Further out, in the South Pacific Gyre, the results were less ambiguous. There is less biologic activity here than above the OMZs because of lack of nutrients, and previous research using sediment traps has suggested that much of whatever does form on the surface sinks to the cold deeps. Some CO2 regeneration takes place there, but it would take centuries for the gas to resurface. However, the new study found the opposite: there is far more regeneration near the warmer surface than previously estimated by some studies.

This matters because, like OMZs, the South Pacific Gyre and similar current systems in other parts of the oceans are projected to grow as the oceans warm. The gyres will divide these regions into stratified layer cakes of warmer waters on top and colder waters below. And because, according to the study, so much CO2 regeneration will take place in the warm, shallower waters, more CO2 will end up going back into the air over wider regions. And unlike below the nearer-shore OMZs, "there is no counterbalancing effect in the gyres," said Anderson. "The story with the gyres is that over wide areas of the ocean, carbon storage is going to get less efficient." (There are four other major gyres: the north Pacific, the south and north Atlantic, and the Indian Ocean.)

The researchers point out that the processes they studied are only part of the ocean carbon cycle. Physical and chemical reactions independent of biology are responsible for much of the exchange of carbon between atmosphere and oceans, and these processes could interact with the biology in complex and unpredictable ways. "This [the study] gives us information that we didn't have before, that we can plug into future models to make better estimates," said Pavia.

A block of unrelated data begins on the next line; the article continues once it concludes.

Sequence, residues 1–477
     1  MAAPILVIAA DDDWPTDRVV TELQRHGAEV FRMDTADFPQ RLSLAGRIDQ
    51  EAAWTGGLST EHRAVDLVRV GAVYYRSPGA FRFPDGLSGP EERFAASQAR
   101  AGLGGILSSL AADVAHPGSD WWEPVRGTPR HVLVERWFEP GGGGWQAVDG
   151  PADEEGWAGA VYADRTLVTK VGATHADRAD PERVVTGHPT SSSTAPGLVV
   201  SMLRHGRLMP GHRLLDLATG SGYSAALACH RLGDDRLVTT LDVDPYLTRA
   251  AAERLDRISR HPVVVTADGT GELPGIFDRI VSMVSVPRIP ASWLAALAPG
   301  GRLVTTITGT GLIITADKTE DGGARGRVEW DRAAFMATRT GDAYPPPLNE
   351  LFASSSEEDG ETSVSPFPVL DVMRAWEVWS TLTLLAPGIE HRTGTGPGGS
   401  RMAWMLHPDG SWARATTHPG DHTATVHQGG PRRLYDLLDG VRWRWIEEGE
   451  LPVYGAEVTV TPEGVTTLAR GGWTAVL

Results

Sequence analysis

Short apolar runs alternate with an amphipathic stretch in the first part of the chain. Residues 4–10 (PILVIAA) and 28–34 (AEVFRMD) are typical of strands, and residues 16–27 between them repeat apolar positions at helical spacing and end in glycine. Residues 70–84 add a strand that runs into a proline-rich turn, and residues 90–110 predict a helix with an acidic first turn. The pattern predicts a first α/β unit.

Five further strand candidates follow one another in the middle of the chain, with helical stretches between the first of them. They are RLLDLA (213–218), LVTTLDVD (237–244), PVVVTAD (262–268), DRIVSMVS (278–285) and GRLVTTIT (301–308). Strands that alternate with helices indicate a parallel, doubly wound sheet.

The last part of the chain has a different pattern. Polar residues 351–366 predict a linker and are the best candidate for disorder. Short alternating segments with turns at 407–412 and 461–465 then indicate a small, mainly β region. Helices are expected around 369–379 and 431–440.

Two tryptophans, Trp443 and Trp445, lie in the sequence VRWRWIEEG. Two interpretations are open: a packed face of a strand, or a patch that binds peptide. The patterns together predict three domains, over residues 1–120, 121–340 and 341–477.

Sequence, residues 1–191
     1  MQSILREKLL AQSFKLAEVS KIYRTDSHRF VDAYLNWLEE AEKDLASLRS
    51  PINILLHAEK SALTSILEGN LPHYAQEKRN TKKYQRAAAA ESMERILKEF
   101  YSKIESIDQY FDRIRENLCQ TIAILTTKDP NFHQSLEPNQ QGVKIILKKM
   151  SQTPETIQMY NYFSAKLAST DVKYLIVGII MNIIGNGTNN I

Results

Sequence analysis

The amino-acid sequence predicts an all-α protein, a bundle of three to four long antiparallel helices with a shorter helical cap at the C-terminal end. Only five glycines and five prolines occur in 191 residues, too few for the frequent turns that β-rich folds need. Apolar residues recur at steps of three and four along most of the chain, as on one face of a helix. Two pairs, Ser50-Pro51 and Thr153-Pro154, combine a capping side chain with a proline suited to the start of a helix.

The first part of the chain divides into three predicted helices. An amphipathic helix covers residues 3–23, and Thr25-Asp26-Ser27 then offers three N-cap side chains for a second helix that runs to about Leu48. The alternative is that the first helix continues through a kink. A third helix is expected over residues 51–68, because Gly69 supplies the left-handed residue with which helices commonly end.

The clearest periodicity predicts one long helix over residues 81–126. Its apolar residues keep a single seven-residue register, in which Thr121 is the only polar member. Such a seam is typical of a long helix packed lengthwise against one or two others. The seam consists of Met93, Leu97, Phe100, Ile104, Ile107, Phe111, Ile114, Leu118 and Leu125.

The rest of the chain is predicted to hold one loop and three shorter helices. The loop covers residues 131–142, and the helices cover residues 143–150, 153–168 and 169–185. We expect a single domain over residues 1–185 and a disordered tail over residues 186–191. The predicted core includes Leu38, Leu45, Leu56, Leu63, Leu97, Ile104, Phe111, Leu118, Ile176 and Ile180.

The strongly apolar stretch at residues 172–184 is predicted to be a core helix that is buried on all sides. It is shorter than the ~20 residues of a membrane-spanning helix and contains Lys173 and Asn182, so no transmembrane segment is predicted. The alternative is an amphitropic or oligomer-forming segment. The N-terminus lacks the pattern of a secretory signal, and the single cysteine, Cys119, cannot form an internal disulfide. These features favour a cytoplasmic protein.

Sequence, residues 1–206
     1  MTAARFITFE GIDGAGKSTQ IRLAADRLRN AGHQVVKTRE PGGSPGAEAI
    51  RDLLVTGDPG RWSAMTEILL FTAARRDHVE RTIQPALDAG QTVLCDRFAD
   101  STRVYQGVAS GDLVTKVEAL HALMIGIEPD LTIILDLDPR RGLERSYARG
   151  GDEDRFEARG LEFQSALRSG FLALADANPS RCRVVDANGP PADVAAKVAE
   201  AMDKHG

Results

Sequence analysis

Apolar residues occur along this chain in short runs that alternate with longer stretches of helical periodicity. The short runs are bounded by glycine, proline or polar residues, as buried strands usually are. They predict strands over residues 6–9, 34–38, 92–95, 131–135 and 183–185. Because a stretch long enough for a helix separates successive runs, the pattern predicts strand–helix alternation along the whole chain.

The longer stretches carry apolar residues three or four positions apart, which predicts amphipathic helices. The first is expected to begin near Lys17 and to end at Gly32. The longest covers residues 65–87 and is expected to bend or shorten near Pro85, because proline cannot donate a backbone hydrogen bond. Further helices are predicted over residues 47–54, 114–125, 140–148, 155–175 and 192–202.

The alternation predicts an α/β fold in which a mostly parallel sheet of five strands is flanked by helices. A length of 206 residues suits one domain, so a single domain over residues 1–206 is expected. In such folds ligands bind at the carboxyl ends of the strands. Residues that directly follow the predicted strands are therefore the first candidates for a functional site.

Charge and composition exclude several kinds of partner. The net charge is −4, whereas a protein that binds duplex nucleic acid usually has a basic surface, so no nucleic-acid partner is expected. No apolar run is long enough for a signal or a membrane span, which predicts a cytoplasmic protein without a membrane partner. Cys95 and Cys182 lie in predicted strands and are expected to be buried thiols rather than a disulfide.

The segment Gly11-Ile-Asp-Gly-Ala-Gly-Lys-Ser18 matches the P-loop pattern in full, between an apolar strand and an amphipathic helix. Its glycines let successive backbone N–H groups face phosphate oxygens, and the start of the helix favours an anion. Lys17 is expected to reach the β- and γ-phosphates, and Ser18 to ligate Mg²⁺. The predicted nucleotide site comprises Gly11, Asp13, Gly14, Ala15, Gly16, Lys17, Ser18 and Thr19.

Explore further

New view of how ocean 'pumps' impact climate change

More information: Frank J. Pavia el al., "Shallow particulate organic carbon regeneration in the South Pacific Ocean," PNAS (2019). www.pnas.org/cgi/doi/10.1073/pnas.1901863116
Citation: As oceans warm, microbes could pump more CO2 back into air, study warns (2019, April 29) retrieved 22 July 2019 from https://phys.org/news/2019-04-oceans-microbes-co2-air.html
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Apr 29, 2019
How can you say what will happen. Make an equation to take into account what will happen with 200,000 different species of viruses in the ocean. It is impossible. https://www.scien...r-oceans Almost 200,000 Never-Before-Seen Viruses Were Just Discovered Hidden in Our Oceans
Scientists are arrogant if they think their statistics can predict this.

Apr 30, 2019
How can you say what will happen
Isn't that the point of science? To study stuff, and try to understand what will happen?
Scientists are arrogant if they think their statistics can predict this